People ask,  “When Should I get a Will?”   And, I respond, somewhat jokingly, “Texas already has one for you.”

The State of Texas doesn’t have an actual Will for you, but the legislators have enacted a set of defaults in the event you don’t have a Will.  These laws are called laws of “intestate succession.”  In other words, if you don’t have a Last Will and Testament in Texas, politicians have decided who will inherit your estate.

So, who would be better at making important decisions about who will inherit your hard-earned assets:  politicians or you?

Assuming you’d rather make those decisions, when in your life should you get a Last Will and Testament?

Though it sounds simplistic, I recommend you get a Will before you need one.  The problem is, you don’t know when it will be too late to get a Will.  We don’t know when we’ll become mentally incapacitated, become deathly ill, or get involved in a deadly car crash.

If you become seriously ill and then decide to finally hire a lawyer to write your Will, there is a higher likelihood that your Will will be challenged in probate court.  For example, in a recent case (In Re Estate of Arrington), a father waited until after he was diagnosed with a terminal illness to write a Will.

I commend this father for trying to care of his family by getting a Will made.  However, in light of the court battle and family fighting that resulted from his last-minute DIY Will, it probably would have been preferable to have had an attorney draft the Will years earlier.

A few hundred dollars to hire an estate planning lawyer to draft a Will could have saved thousands of dollars in legal fees and  could have prevented family fighting.

We can’t always anticipate when we’ll get sick or get injured, so it’s best to be ready.  It’s like Benjamin Franklin said, “An ounce of prevention is worth a pound of cure.”

Despite popular belief, Wills aren’t just for wealthy people or older people; if you have any property and have any family or friends, you should get a Will.  Also, a dedicated Texas Wills attorney will help ensure that your Will is executed properly under Texas law and will minimize the likelihood of a Will contest.  Better yet, you could consider having a Texas Revocable Living Trust, which could keep your estate out of probate court altogether.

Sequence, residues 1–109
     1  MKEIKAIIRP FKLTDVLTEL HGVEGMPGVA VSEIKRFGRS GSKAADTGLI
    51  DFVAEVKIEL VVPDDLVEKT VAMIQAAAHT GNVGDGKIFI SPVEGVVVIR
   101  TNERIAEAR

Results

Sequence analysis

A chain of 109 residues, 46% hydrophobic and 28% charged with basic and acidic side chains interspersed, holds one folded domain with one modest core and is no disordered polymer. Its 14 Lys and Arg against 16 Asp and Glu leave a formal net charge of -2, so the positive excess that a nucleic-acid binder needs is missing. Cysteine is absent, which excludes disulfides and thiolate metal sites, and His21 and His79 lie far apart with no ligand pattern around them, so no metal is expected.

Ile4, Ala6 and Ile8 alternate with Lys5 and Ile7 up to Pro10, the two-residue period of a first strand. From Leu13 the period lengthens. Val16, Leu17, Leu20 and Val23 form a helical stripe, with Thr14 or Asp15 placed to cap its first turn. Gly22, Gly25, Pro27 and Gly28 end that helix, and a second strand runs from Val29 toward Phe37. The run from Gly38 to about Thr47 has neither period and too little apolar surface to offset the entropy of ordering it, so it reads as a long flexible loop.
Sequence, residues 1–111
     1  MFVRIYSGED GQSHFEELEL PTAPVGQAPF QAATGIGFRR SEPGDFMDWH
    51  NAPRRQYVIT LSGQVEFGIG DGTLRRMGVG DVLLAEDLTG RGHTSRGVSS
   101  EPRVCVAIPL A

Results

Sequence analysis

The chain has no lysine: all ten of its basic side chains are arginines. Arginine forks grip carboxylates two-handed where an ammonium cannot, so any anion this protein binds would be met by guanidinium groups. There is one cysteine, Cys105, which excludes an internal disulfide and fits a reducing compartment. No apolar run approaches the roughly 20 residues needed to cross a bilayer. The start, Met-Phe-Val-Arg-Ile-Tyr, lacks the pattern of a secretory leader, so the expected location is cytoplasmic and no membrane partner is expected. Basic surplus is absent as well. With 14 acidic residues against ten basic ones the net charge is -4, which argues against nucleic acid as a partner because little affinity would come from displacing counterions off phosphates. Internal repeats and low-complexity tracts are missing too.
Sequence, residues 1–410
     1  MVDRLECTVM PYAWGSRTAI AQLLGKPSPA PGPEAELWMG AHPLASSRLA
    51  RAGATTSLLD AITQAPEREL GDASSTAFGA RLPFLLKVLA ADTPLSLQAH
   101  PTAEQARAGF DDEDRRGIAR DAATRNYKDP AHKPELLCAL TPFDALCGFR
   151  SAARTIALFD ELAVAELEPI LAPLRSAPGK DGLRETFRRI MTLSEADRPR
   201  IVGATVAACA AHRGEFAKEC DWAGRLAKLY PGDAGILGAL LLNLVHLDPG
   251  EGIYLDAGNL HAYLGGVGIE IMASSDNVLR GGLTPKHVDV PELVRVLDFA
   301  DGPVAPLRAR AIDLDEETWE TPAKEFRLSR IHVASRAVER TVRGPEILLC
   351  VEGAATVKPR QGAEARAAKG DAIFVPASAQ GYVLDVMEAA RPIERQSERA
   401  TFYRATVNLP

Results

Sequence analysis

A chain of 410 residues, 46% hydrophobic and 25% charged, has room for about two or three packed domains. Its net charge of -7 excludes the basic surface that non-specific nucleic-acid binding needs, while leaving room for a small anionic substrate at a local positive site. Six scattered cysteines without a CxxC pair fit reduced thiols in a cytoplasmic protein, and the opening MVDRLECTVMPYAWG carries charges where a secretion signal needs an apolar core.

Visit for more information on Texas Wills, a Texas Last Will and Testament, deciding when you should get a Will, if you should get a Will, the problem with online Wills or online Wills, contact Dallas, Texas lawyer Isaac Shutt at  

Shutt Law Firm’s office is conveniently located just north of Dallas, TX, near the intersection of highway 75 and Arapho Road.


You can also call Mr. Shutt at (214) 302-8197 for more information on the topic discussed in this article or to discuss a different legal matter.   Please consider the Shutt Law Firm if you’re looking for a Dallas, TX law office for probate, Dallas Wills Lawyer, Dallas estate planning law, trust attorney near Dallas, TX, or guardianship attorney in Dallas area.


DISCLAIMER:  Nothing in this brief article constitutes legal advice.  The information provided herein is merely provided in the spirit of education.  If you have a legal question, you should consult an attorney for your specific legal situation.   Further, nothing in this article shall be construed to have started an attorney-client relationship.  No such relationship exists until both you and attorney Isaac Shutt sign an engagement letter with the Shutt Law Firm, PLLC.